Academies are independent, all-ability, state schools supported by an academy trust. An academy trust is a charitable company responsible for the running of the academy and has control over the land and other assets. It has a strategic role in running the academy, but delegates day-to-day management of the school to the governors and Headteacher.
Our academy trust is called the Academies Enterprise Trust (AET), who sponsor schools - primary, secondary and special - throughout England, including five secondary schools in London.
Funding: Academies are independent of local authority control. This means that more funding goes directly to the school for more teachers and resources. Academies are still entitled to government grants which other schools receive.
Standards: Much of the Academy focus goes towards driving up standards. This is achieved through increased expertise, more resources, a wider range of opportunities for students, intensive development of staff skills and rigorous attention to each child’s progress and happiness.
Expertise and development of outstanding practice: The AET, as a large sponsor, has a huge repertoire of experts and resources to support teachers, not least their acclaimed website for professionals which contains hundreds of tools for supporting staff development, teaching and student learning. The AET officers are experts in their fields and work tirelessly with their schools to effect real, rapid change.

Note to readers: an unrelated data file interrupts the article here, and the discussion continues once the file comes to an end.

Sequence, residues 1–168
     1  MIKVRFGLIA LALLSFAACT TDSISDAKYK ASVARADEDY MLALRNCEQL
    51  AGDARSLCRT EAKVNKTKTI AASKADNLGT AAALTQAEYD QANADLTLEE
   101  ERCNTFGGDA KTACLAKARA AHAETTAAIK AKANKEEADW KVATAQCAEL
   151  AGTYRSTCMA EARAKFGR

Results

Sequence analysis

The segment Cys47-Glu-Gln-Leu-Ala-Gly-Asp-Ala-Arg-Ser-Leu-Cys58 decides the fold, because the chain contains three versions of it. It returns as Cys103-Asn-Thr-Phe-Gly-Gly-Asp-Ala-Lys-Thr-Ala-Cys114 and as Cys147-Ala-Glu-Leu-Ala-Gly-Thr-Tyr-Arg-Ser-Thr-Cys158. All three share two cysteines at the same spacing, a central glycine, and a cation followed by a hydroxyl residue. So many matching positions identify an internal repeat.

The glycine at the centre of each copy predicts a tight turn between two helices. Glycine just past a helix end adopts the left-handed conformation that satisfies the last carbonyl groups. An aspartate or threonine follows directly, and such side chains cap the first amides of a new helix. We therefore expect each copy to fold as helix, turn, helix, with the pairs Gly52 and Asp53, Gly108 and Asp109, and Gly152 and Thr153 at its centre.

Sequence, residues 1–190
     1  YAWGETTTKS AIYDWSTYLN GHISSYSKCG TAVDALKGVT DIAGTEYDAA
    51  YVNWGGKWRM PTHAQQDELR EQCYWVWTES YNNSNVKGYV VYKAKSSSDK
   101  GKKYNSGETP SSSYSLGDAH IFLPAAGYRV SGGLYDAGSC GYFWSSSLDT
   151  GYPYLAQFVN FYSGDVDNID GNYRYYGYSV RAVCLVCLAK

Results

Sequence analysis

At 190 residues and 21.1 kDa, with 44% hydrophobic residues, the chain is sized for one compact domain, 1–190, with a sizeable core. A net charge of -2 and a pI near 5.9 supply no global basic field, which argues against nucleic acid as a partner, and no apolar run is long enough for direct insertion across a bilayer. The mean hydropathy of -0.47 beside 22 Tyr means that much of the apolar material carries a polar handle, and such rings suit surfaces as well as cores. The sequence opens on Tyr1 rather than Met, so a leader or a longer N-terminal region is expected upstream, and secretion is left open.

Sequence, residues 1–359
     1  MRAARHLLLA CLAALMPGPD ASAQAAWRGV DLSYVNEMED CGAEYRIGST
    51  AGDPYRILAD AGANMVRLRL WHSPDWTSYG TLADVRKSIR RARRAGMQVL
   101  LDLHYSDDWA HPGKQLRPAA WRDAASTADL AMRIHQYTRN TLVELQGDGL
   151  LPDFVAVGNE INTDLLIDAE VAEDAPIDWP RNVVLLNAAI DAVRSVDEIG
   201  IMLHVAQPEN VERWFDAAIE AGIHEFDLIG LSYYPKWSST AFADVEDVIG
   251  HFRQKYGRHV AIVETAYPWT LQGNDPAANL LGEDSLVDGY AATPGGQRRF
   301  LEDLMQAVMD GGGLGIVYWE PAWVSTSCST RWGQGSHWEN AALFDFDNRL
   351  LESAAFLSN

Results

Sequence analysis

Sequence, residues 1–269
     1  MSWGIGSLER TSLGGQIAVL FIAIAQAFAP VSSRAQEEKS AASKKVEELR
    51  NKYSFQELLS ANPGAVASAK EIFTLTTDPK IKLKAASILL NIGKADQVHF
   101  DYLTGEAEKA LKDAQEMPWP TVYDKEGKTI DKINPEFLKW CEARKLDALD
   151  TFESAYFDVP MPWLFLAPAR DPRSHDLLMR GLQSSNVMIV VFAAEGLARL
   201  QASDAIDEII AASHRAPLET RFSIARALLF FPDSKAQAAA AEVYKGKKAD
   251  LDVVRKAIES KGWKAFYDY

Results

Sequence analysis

Networks: Being an academy gives a school a wider range of networks to work with. Schools working together is one way of raising standards and sharing outstanding and good practice in a ‘hands-on’, practical way which teachers can use immediately.
The AET recognises the following trade unions for individual and collective representation, consultation and negotiation purposes. In Essex the AET has a formal agreement with them: the teacher unions (ACSL, ATL, NASUWT and NUT) and the unions representing support and other professional school staff (GMB, UNISON and Unite).
Funding is certainly a crucial part of the process. Academies are funded at the same rate as other state schools. However, there are a number of economies of scale that the sponsors can take advantage of in functions previously delivered by other organisations, such as finance, human resources, facilities management and teacher training This releases additional money which is passed on to the Academy.
It is the Academies Enterprise Trust, the operational division of the sponsor, Greensward Charitable Trust, who will be held responsible to the Department for Education (DfE.) In the past, if schools were failing it was the responsibility of the Local Authority to step in and take action. Day to day responsibility for the Academy will, however, remain with the Regional Director and Headteacher.
Richmond Park Academy's Pastoral Structures
Every student is in a tutor group and the form tutors (there are two per group) should be the first point of contact for parents/carers. Tutors and students are overseen by a Year Leader. The tutor groups (as opposed to teaching groups) are mixed ability.
Each tutor group can have up to 30 students. Tutor periods - 25 minutes each day - include: updating the student’s RPA Passport which follows the student throughout his/her time at RPA and is a record of in and out of school activities; assemblies; Personal, Social, Health, Careers Education (PSHCE); House activities such as quizzes and competitions; silent reading and/or quizzing; individual mentoring by form tutors (each student is entitled to one to one time with their tutor).